PhD Seminar Notice - Hyunjae LeeExport this event to calendar

Tuesday, July 19, 2022 — 12:00 PM EDT

Candidate: Hyunjae Lee
Title: A Novel Computational Framework for Negative Capacitance Devices: From Ferroelectric-based Capacitors to Negative Capacitance Field-Effect Transistors
Date: July 19, 2022
Time: 12:00
Place: online
Supervisor(s):  Yoon, Youngki

Abstract:

Negative capacitance (NC) devices generally manifest hysteresis originating from the ferroelectric materials (FE) with nonlinear hysteretic responses of spontaneous polarization (P) to the applied electric field, while hysteresis should be suppressed for logic devices. The significant nonlinearity of P behavior in the FE entangles the manipulation and prediction of not only performance but also hysteresis in the NC-based devices when multiple materials are considered simultaneously within the device.

Here, hysteretic jump points (HJPs) are modelled by exploring the energy landscape based on the Gibbs free energy with the Landau approach in a metal-FE-metal-oxide-semiconductor capacitor. With the aid of HJPs, the hysteresis response to the key design parameters in the NC device can be described for various ferroelectric materials, which can contribute to the hysteresis engineering.

While the Landau approach can provide insights into the polarization behavior of FE with a so-called “S-curve” of polarization versus electric field across the FE () characteristics, the Miller model (MM) is more suitable for a gradual transition of polarization switching for the stand-alone FE in steady states, since it can precisely capture the overall hysteresis loop including the polarization switching transition region. Firstly, the static NC characteristics in a ferroelectric-dielectric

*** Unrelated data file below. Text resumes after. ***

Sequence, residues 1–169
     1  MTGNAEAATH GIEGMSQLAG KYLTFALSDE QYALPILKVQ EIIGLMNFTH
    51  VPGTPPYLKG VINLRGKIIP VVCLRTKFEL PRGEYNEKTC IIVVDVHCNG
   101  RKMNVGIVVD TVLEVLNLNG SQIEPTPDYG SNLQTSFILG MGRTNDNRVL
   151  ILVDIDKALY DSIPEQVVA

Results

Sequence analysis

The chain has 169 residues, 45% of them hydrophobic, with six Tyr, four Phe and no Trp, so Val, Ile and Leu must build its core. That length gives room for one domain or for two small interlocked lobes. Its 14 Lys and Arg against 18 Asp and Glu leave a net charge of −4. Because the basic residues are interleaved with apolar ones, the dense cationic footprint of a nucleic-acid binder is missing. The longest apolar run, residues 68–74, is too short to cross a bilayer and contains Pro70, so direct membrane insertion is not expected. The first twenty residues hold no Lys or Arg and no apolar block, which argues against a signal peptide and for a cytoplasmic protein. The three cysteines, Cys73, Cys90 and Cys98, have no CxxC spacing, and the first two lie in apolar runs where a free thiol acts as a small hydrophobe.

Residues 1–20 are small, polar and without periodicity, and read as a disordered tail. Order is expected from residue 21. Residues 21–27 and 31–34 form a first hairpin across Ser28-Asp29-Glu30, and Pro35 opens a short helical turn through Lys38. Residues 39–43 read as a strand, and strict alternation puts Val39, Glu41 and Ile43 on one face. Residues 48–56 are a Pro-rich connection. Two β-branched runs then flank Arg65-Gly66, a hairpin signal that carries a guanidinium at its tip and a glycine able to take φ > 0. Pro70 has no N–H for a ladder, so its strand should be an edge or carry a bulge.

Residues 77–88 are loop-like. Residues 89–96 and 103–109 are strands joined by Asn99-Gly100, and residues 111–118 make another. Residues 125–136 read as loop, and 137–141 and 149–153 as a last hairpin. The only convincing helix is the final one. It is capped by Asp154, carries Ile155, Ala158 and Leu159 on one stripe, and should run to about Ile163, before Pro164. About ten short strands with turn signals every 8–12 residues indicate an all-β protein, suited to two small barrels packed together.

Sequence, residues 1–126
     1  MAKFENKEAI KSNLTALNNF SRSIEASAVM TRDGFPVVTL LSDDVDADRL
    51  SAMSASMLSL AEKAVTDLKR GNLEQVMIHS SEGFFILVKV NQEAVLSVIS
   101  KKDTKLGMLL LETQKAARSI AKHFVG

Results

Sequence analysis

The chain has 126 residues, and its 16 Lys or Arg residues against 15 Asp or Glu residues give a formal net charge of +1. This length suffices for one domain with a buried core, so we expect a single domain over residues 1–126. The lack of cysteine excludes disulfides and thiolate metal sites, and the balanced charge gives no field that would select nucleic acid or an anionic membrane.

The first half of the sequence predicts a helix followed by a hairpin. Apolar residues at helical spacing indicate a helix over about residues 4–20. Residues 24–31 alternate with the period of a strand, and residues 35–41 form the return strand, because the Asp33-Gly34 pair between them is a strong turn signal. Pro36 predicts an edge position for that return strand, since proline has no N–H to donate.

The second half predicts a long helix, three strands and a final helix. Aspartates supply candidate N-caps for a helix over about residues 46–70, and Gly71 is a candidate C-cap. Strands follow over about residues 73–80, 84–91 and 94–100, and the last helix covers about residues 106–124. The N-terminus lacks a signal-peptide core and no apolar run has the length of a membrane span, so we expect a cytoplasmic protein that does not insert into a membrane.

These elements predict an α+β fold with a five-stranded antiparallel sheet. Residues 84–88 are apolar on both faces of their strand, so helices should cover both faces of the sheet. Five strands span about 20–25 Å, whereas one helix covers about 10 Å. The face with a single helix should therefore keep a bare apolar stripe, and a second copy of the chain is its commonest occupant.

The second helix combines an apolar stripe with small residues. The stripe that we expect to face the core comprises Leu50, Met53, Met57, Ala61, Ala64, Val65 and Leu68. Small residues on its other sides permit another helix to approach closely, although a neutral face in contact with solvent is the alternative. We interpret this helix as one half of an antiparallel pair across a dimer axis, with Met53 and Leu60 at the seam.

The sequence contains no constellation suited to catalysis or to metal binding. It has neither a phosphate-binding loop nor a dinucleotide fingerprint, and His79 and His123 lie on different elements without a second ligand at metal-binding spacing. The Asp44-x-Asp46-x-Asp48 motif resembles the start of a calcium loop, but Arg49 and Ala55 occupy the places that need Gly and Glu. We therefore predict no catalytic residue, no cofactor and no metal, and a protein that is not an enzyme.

(FE-DE) capacitor are presented with significant internal voltage amplification using MM. Notably, the effect of different transitions of polarization switching that the S-curve from Landau approach cannot handle is explored.

After that, the FE-DE capacitor can be further extended to more advanced device such as a NC field-effect transistors (NCFETs), established on the understanding of NC characteristics with MM. Especially, NCFETs composed of FE exhibiting gradual switching transitions are demonstrated in steady-states using a novel computational framework. By iteratively solving three modules: (i) non-equilibrium Green’s function (NEGF) for carrier transport, (ii) Poisson’s equation for electrostatics, and (iii) the Miller model for the polarization behavior in FE, steep switching with hysteresis-free characteristics of NCFET can be achieved.

Besides, various materials and device parameters are engineered to understand their effects on the device performance, which enables performance optimization as required for different target applications.

Although the demonstrated NCFET model provides in-depth understanding of NC in the device, an upgraded model including a more realistic behavior of FE that the  could be varied by the maximum electric field applied due to a property called a partially polarized FE (PPFE) can present more precise prediction of the NCFET. For the PPFE, the MM-based FE minor loop model has been used to describe its switching behavior. By elucidating the difference between the NCFET considering PPFE and ideal behavior of FE, the overestimated subthreshold swing for a NCFET under the ideal FE behavior is observed as compared to the PPFE.

Furthermore, with the understanding of PPFE, a drain-induced barrier lowering (DIBL) in the PPFE-NCFET is investigated in comparison to the FPFE-NCFET.

This dissertation can provide not only a novel computational framework for NCFET simulation from FE-based capacitor to transistor but also irreplaceable physical insight into the NCFET behavior.

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